As of Aug. 1, Miles & More members can expect a host of changes.
Let’s start with the good news. Almost all award travel in economy and business will be reduced, in some cases by up to 20 percent. The only high-traffic award that will increase is the North America-Europe route, which jumps 10,000 miles in business and 40,000 miles in first class.
In addition, the Fly Smart awards — fairly restricted flight awards at lowered mileage levels — will be reduced by a full 20 percent, but will only be available online. In the past, only economy-class awards could be booked with the Fly Smart program. Beginning in August, members will be allowed to book Fly Smart awards within Europe in business class as well.
Unfortunately, that’s about it for the good news.
The number of miles required for upgrades will now be based on the fare paid. The mileage required for upgrades to business class from a full-fare economy ticket will remain unchanged. For all other upgrades, more miles will be required.
North American members, it should be mentioned, may notice another development. Previously, there was a distinct advantage in being a Miles & More member based in the U.S., as they were privy to a separate award chart, often with awards available for less than what European members had to pay. In the future, there will be only one such chart.
In a blow to frugal flyers, it will no longer be possible to upgrade from deeply discounted economy fares. And, apparently taking its cue from American carriers, Miles & More will be lowering mileage earned on deeply discounted fares. Passengers who buy full-fare economy tickets (B and Y classes) will now earn 50-percent more miles, while those in deeply discounted economy (S and W) will earn 50-percent fewer miles.
All other fare classes, including other economy classes, remain the same.
Says Lufthansa: “Those who pay more also deserve more miles. Or, to put it another way: if you pay less for your ticket you will also earn less miles.”
A number of North American programs did something similar last year, and the outcry was deafening. What’s interesting, though, is that the U.S. programs only limited the earning of elite-qualifying miles — standard bonus miles remained the same. Lufthansa is taking the extra step of limiting all miles earned, period.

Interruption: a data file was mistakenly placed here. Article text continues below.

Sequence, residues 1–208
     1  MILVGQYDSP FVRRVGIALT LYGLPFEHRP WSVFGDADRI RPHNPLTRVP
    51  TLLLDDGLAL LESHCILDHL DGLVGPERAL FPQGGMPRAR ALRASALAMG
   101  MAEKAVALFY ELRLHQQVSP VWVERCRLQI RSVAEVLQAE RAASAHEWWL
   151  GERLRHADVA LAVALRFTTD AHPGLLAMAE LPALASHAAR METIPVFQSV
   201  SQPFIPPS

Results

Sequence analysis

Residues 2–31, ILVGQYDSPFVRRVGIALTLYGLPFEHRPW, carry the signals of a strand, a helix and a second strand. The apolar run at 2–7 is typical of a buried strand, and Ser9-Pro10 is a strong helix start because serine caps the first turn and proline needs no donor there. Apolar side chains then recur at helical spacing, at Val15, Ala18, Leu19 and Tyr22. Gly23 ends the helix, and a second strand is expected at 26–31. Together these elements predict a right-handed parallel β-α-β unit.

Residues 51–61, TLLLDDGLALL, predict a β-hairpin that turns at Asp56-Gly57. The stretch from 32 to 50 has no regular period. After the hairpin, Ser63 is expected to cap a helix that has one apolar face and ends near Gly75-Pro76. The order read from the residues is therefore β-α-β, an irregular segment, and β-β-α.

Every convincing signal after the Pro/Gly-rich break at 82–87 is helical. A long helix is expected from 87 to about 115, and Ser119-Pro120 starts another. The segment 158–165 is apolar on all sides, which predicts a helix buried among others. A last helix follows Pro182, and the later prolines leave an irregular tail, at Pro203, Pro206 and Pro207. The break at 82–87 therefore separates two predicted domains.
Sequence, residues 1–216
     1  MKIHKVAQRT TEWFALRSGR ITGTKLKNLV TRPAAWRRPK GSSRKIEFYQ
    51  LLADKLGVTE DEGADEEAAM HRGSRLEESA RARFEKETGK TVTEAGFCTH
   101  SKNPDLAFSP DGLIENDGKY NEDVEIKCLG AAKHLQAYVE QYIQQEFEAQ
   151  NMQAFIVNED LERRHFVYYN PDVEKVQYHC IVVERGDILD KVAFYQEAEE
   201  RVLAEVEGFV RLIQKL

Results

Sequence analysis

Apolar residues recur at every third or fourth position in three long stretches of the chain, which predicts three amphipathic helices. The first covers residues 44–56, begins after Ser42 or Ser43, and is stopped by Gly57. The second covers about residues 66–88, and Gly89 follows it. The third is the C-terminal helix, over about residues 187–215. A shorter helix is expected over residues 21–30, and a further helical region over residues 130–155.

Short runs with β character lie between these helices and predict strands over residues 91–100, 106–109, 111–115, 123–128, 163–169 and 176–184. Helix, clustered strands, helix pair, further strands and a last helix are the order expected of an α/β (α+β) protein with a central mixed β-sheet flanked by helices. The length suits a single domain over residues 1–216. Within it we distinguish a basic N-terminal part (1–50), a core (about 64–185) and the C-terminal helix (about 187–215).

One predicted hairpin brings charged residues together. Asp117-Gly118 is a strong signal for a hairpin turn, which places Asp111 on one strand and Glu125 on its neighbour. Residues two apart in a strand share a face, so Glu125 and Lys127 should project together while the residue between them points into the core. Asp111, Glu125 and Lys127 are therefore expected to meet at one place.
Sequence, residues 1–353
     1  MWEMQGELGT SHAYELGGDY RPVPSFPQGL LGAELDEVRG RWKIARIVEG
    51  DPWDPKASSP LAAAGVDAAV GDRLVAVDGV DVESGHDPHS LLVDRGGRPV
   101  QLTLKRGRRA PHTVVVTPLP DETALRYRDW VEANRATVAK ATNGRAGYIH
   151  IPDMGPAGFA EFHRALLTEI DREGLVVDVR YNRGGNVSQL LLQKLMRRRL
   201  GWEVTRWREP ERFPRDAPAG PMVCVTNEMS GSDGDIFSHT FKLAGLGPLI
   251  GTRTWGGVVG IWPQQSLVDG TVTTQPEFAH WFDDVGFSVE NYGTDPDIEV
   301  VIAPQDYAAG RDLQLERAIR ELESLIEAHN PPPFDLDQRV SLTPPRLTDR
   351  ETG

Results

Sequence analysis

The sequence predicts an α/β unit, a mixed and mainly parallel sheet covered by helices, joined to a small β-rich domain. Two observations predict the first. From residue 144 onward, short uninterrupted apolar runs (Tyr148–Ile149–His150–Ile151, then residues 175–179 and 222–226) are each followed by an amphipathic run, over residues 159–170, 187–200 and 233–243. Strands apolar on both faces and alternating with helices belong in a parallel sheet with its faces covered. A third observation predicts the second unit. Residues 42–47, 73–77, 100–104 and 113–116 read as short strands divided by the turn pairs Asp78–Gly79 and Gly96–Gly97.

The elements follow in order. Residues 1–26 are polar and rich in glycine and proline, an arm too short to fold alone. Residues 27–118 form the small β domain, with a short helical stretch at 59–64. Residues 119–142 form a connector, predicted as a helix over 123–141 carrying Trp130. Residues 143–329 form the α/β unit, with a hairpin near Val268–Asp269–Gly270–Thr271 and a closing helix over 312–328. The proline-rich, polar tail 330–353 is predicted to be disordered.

Asian flyers will not find this all that surprising — indeed, most Asian programs have limited, or completely denied, mileage earning on cheap seats since their inception.
Within Europe, members will find some changes to the minimum number of miles earned on short hops. Mileage will be strictly based on booking class, regardless of how short the flight is. In business class, passengers will earn 1,500 miles for domestic flights (previously 2,000) and 2,000 miles for international flights (unchanged). Economy-class passengers will now earn between 125 and 1,250 miles (previously they could earn between 500 and 1,000).
Elite-level members also need to brace for a change: Senators and Frequent Travelers will continue to receive an Executive Bonus of 25 percent of miles flown, but only on Lufthansa, Air Dolomiti, Air One, the Austrian Airlines Group, LOT Polish Airlines and United Airlines. No other Star Alliance partners will offer the Executive Bonus. In addition, the bonus will be calculated according to the distance flown or, in Europe, according to the set minimum-mileage values. In some cases, this means a larger bonus; in others, a smaller one.
What really has some elite members griping, though, is the change to the number of complimentary Senator upgrade vouchers that will be awarded. Currently, a Senator-level member receives one of these for every 50,000 miles he or she flies. As of August, however, Senators will get two every two years — period.
Will the changes prompt open rebellion by members? While it was inevitable that Europe’s largest frequent flyer program would introduce some degree of change — with the merger of KLM and Air France, the courtship of Iberia by British Airways, and the potential growth of alliances across the continent, competition among the major carriers is becoming increasingly intense — there’s no shortage of grumbling. Said one Senator-level member: “They’re shooting themselves in the foot, if not some other private part.”
Much of the dismay seems to be centered around the fact that once the changes go through, there will be little incentive for members to stay with Miles & More if their pet perks have been eliminated. Indeed, many are considering a move to Star Alliance partner United.
According to Lufthansa, “Changes and demands of the market, the airline industry in general and of our competitors influenced the development of the new Miles & More.”
It should be kept in mind, though, that these changes are not as radical as, for example, those imposed on Executive Club by British Airways in 2003. And Miles & More continues to offer some genuinely unique benefits. No other major program offers a two-year period in which to qualify for elite status, and none grants that elite status for a full two years. Members can still earn class-of-service bonuses that count toward elite status, and mileage minimums for short-haul flights remain among the highest in the industry.
We will no doubt be hearing from more members as August approaches — stay tuned for developments and feedback.